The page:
About a hundred people packed into the dark Peruvian fusion cuisine restaurant Barchaa on Wilson Ave. in Bushwick last Friday to watch as the latest Democratic Socialists of America (DSA) candidate launched a campaign set their sights on another Brooklyn Democrat named Dilan.
The challenger is Boris Santos, 29. Santos is DSA-backed State Sen. Julia Salazar’s (D-Bushwick-Williamsburg-Greenpoint) Chief of Staff. This campaign will coincidentally pit Santos against Erik Dilan of the 54th district (D-Bushwick, Cypress Hills, East New York, Bedford-Stuyvesant), son of former State Sen. Martin Dilan, who ran and lost against Salazar in the 2018 primaries. Erik is Martin’s son which sets up a rematch of the state senate race dynamic.
There are already some immediate similarities between Santos and Salazar’s bids for office. Some of Erik Dilan’s district overlaps with his father’s former district meaning that this will be familiar territory. However, Erik Dilan’s district does not have Greenpoint or Williamsburg, which was a big boon for the Salazar campaign.
Also, like Salazar, Santos is running as a political newcomer and insurgent with a populist anti-capitalist message promising to shake up the system. He’s also running on the argument that, like his father, Erik Dilan has mostly been an absent presence in the district, and disconnected from the needs and desires of the constituents.
“This race, and the contrast between me and my incumbent opponent is fundamentally about one thing and one thing only. Where he tries to do the bidding of special interests, like real estate, I will work on behalf of the many, not the few. I will work on behalf of the working class and poor, not those with money in their pockets. I value participation, my democratic principles,” said Santos.
Santos cited growing up as a Williamsburg native in Section 8 housing, and that his upbringing was a reason for his interest in getting into politics. In an admission of how difficult the campaign will be, Santos said that he was ready to face down criticism of being called “hot-headed,” “naive,” “idealistic,” or a “criminal.” Instead, he seemed to embrace the idealism and said that it was borne out of a lifetime of watching the system fail the working class.
When speaking to Kings County Politics over the phone, Santos said he wanted to focus on five different important issues: housing justice, climate justice, criminal justice, education, and health care. These five planks offer a comprehensive overview of a very progressive plan to overhaul the political establishment in the model that’s towards an anti-capitalist model of government rather than a model that seeks to reform working within the existing system.
No more obvious is this anti-capitalist approach towards legislation evident than in Santos rhetoric to housing justice. First and foremost, the goal is sweeping reform which means ending homelessness, building more affordable housing, and rethinking the landlord-tenant model for housing. When it came to the nuts and bolts of legislation, Santos was critical of the latest progressive housing laws passed in June saying that they got about 80 percent of what they wanted, but that they didn’t go far enough.
He identified the Major Capital Improvement (MCI) and Individual Apartment Improvement (IAI), which Santos believes should be abolished altogether. He also said that a good cause eviction bill should have been passed and a sign of how lacking progressiveness New York is in comparison to states like California, who recently passed a good cause eviction bill.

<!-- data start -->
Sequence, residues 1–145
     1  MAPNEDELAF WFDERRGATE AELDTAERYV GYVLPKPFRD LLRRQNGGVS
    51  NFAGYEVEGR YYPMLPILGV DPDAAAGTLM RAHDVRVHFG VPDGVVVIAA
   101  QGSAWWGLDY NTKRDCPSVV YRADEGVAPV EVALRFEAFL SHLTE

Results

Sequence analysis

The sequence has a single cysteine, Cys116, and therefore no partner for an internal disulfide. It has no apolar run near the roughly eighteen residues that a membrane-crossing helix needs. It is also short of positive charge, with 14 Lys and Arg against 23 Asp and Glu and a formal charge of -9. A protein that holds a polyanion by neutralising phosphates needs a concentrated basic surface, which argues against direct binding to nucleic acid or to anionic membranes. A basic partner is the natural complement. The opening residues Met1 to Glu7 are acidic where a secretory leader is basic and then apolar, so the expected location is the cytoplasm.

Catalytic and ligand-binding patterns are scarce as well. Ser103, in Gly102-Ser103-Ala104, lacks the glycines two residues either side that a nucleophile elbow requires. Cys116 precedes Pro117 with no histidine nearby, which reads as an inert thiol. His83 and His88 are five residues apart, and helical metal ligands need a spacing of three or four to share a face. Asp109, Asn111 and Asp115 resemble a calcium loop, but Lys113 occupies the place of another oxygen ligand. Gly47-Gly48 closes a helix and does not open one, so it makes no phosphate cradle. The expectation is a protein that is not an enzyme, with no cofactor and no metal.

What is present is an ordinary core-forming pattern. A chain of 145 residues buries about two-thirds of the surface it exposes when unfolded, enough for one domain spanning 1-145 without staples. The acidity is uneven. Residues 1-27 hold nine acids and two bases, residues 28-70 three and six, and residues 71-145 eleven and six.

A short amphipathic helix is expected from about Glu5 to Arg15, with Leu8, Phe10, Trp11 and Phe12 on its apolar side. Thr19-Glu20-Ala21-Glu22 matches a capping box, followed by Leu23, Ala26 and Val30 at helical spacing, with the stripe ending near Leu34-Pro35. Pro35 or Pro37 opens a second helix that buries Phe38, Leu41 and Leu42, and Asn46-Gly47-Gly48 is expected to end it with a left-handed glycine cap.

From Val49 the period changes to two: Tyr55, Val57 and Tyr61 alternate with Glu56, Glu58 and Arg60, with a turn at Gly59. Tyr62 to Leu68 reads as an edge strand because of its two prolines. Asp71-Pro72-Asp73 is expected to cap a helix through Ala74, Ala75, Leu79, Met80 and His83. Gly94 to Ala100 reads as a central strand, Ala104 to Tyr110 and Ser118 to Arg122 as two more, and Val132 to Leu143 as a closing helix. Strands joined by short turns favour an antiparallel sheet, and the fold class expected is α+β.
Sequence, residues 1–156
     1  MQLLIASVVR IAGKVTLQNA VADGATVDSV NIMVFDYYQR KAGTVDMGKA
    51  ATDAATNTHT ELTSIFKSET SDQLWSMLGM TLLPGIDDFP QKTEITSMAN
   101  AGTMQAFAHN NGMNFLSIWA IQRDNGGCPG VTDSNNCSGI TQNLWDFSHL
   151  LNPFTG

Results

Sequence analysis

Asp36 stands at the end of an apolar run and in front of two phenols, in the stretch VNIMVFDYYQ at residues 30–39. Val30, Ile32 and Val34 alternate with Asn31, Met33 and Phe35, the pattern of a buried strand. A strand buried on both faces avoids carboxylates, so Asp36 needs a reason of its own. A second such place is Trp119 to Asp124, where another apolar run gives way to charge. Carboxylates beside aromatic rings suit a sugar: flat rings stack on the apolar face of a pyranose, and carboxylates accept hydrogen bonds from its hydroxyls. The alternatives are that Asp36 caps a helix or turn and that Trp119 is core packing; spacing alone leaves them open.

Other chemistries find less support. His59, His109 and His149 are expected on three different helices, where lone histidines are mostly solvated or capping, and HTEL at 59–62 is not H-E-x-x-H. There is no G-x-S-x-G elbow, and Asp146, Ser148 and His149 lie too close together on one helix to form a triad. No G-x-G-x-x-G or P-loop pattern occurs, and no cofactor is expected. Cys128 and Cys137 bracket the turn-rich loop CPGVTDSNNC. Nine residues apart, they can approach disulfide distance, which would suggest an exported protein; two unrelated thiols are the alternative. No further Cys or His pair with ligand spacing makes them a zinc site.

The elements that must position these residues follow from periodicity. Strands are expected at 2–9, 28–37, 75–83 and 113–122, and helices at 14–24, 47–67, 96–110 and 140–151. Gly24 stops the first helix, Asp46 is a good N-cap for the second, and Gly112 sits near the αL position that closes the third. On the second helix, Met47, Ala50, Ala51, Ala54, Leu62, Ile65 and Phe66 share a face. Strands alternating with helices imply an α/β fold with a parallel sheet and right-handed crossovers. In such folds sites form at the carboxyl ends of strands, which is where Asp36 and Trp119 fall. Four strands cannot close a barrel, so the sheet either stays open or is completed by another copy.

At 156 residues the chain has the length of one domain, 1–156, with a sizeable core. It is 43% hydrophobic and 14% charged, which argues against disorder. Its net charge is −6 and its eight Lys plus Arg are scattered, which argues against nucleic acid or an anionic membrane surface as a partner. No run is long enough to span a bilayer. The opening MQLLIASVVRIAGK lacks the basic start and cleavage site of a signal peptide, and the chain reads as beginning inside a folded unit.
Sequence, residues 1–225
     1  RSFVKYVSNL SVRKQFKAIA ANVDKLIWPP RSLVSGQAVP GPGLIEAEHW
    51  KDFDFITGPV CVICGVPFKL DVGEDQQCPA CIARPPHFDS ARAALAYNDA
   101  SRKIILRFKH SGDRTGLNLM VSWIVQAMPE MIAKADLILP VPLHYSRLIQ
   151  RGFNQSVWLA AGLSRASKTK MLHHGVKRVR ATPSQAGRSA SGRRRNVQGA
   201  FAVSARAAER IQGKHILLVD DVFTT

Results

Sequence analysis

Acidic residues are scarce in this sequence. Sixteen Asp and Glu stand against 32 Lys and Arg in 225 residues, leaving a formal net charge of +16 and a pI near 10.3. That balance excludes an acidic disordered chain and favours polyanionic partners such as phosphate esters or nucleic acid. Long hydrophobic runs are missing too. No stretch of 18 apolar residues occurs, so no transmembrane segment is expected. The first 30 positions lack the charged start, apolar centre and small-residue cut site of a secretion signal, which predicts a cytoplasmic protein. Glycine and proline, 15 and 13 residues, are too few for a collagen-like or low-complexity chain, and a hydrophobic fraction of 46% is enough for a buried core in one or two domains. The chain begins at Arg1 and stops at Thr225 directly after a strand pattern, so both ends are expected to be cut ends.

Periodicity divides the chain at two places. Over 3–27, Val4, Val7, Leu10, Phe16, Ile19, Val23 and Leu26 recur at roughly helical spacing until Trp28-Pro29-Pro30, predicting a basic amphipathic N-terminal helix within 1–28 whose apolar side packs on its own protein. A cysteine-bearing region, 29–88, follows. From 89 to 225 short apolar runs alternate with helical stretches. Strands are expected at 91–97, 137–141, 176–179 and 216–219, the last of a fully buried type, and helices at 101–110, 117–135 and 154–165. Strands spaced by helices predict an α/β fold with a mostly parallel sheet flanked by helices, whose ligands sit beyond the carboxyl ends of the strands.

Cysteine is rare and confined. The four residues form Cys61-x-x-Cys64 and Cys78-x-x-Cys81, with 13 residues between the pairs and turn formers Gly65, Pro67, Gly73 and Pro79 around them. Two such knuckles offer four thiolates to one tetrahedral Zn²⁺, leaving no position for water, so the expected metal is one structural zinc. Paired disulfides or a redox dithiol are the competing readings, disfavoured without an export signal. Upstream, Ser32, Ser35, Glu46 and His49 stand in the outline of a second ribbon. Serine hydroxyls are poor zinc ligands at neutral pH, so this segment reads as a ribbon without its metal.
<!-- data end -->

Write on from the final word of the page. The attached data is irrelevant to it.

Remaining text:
Another way that Santos broke with the Democratic Party establishment was with the notion that affordable housing is contingent on whether or not there are good and bad landlords. Instead, keeping in line with DSA values, it’s capitalism and the greed that capitalism enables that is the root cause of rent hikes or good cause evictions rather than the individual failures of landlords.
“It’s not a good or bad landlord model that we need to look at, but it’s anti-capitalist model that we need to look at. Because it is greed that has driven at the bottom dollar, profit-making greed that’s at the bottom of all of this. And that more so, truly, what encapsulates the conversation better, I would think, rather than bad landlord good landlord,” said Santos.
For Santos, to remake and remodel society in a way that moves away from capitalism and more towards anti-capitalistic models of homeownership including community and public ownership which would be instrumental in bringing power back to tenants.
“For me, housing is big because I want to push back against the privatizing of the management side of our public housing…. I believe in keeping public housing public, but I also believe in funding it to the point that it should be funded. When you talk about preserving our homeowners, black and brown homeowners in the community, I want to establish a community land trust that allows for collective ownership that would eliminate speculation from housing.”
Similar pushback against privatization can be attached to the other planks, including the New York Health Act, which would promote Medicare For All in New York. Also, as far as Climate Justice, he endorsed the Climate Leadership and Community Protection Act which would transition into zero carbon emissions by the year 2050, but said that we should push for legislation that urgently pushes to reduce carbon emissions faster. Likewise, education and criminal justice should move back from the private sector and into the public sphere.
Finally, Santos weighed in on the Presidential race. Like the wider DSA organization and DSA candidates running for public office, Santos unsurprisingly endorsed Bernie Sanders, noting that a win for Bernie is a win for the rest of them, and that most of his platform has been inspired and infused with parts of Sanders’ platform on a national stage.